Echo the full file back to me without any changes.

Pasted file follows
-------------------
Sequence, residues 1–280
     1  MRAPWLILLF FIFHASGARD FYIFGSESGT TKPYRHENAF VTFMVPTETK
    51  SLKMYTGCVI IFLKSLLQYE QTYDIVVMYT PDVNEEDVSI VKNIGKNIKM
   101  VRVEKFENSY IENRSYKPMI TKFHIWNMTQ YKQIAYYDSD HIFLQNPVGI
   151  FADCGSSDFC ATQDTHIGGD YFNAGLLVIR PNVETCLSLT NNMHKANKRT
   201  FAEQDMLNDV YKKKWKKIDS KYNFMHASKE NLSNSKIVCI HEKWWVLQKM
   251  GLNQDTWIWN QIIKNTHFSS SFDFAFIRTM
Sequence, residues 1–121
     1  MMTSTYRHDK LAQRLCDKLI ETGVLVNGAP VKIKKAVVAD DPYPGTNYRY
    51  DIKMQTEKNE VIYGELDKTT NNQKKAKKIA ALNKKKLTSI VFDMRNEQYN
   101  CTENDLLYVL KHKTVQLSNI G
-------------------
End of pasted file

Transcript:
Sequence, residues 1–280
     1  MRAPWLILLF FIFHASGARD FYIFGSESGT TKPYRHENAF VTFMVPTETK
    51  SLKMYTGCVI IFLKSLLQYE QTYDIVVMYT PDVNEEDVSI VKNIGKNIKM
   101  VRVEKFENSY IENRSYKPMI TKFHIWNMTQ YKQIAYYDSD HIFLQNPVGI
   151  FADCGSSDFC ATQDTHIGGD YFNAGLLVIR PNVETCLSLT NNMHKANKRT
   201  FAEQDMLNDV YKKKWKKIDS KYNFMHASKE NLSNSKIVCI HEKWWVLQKM
   251  GLNQDTWIWN QIIKNTHFSS SFDFAFIRTM
Sequence, residues 1–121
     1  MMTSTYRHDK LAQRLCDKLI ETGVLVNGAP VKIKKAVVAD DPYPGTNYRY
    51  DIKMQTEKNE VIYGELDKTT NNQKKAKKIA ALNKKKLTSI VFDMRNEQYN
   101  CTENDLLYVL KHKTVQLSNI G